Saturday, April 5, 2014

Noah by Darren Aronofsky, Ari Handel, and Niko Henrichon

Noah is in imaginative retelling of the well known Bible story. This has been a labor of love by filmmaker Darren Aronofsky. The story takes place in a bleak landscape, this ante-dilluvian world is no paradise. The ground no longer produces food and the inhabitants are vicious. Led by their king Tubal-Cain the society is depraved and violent. In the midst of this unpleasant world we find a righteous man: Noah. After he receives a vision from God (in the book God is called The Creator) Noah and his family leave their home and go off to find a safe place. Along the way they rescue a young girl who joins their family. Of course everyone is familiar with the main parts of the story. Noah builds an ark and his family, along with the animals, are saved when God destroys the world.

As I said, this is an imaginative retelling. This book was adapted by the authors from the screenplay. There are a lot of interesting points about this book. First of all it is not a simple rehash of the Bible story. There are many additions. At least I don’t remember rock giants in the Bible. This should not worry the reader. While the authors have taken a great deal of liberties with the actual narrative they did maintain the important themes of the story.

The primary theme is sin and redemption. The first row of panels show the fruit being eaten. The second row shows the murder of Abel by his brother Cain. The world of Noah is bleak. Man has misused the planet and its resources. This misuse has caused drought. In all of this there is only one righteous man. Noah is not a flawless man. Early on we see that he has a temper. Noah has visions that involve the destruction of the world. He goes to the capital city to warn the people. He is ignored and physically thrown out. After his message to change and repent is ignored Noah comes to believe that God wants to destroy the human race completely. Now God does not say this anywhere, this is Noah’s assumption.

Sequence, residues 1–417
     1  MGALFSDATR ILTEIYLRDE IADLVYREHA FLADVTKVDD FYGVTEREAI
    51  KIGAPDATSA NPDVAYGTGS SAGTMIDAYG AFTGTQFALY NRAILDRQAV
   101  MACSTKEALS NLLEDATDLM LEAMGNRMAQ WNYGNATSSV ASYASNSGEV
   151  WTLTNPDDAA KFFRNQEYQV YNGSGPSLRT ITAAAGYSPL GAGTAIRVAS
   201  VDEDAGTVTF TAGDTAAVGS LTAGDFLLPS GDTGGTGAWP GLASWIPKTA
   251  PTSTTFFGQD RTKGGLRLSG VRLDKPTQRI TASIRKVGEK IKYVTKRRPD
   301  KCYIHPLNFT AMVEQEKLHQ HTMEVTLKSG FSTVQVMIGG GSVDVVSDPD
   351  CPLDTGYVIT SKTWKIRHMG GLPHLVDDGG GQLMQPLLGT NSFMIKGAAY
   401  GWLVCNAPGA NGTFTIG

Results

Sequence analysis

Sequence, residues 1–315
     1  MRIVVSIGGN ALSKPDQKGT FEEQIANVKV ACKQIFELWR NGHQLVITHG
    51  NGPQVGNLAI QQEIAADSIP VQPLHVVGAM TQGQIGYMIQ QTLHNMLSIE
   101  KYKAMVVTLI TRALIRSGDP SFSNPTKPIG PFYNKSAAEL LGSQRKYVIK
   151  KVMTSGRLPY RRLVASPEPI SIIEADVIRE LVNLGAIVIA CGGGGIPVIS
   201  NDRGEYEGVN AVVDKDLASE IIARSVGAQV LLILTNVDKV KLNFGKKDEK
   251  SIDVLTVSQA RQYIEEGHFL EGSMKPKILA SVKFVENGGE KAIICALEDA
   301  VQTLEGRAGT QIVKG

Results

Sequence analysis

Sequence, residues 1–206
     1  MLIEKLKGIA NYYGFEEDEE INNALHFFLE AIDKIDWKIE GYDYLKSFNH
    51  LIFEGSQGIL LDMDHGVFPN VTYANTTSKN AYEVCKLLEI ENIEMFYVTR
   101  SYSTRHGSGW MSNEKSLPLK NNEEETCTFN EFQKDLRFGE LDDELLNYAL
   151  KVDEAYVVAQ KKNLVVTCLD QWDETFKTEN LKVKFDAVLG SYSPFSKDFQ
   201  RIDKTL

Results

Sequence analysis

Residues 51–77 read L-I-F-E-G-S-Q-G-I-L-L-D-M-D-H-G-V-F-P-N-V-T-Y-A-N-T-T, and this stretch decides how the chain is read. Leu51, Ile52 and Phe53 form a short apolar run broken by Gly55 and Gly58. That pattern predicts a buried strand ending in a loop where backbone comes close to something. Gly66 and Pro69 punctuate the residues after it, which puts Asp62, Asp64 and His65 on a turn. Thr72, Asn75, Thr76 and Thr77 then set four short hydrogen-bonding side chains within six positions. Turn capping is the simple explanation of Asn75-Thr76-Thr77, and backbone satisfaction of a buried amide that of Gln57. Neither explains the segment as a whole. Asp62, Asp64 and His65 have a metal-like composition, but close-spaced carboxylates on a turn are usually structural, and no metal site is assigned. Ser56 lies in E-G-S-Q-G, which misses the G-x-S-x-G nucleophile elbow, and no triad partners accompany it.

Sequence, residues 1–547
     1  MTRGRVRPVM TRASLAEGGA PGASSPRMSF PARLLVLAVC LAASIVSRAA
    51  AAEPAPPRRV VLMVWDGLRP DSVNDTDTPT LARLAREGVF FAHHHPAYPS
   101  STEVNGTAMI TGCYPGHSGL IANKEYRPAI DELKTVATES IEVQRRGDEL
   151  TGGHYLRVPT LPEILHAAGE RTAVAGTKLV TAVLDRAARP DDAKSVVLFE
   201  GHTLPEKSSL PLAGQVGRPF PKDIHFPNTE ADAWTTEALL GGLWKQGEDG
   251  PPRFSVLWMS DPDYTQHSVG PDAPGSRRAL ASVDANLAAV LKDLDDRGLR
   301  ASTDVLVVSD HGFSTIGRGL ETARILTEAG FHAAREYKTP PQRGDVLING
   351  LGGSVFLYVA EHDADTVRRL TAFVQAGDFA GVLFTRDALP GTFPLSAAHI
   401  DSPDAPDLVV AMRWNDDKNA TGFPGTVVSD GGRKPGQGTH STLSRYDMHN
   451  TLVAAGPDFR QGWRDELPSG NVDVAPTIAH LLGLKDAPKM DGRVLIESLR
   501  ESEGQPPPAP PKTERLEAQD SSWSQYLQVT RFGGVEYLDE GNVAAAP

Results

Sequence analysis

This is the central theme of the story. Sin has ravaged the planet and judgement must come. This is not some simple environmentalist story as some have said. People are not bad because of the environment, rather selfishness and greed have led to the destruction of resourced for personal gain. Noah’s assumption that God wants to destroy mankind is wrong. God doesn’t want to eradicate man. Rather he wants to restart creation. In fact Noah is the only one who could be taken as an extreme environmentalist and he is shown to be without compassion and almost in danger of losing his own humanity. This extremism is shown when he tries to kill his own granddaughters because he is afraid that they can keep the human race going. His own actions lead him to be isolated from his family as he goes off to live in shame. This is one of the great moments of redemption in the story. It is his daughter-in-law who brings him back to the family. Even though he tried to kill her children she still shows him love and returns him to the family.

In the end Noah may not be a faithful retelling of the Genesis story, but it is a wonderful examination of the themes of sin, judgement, repentance, and mercy. Most of all it is a story that should make people think and talk about the subject. This is what any great story should do. Pick this up and read it. Then think about it. Then discuss it. 

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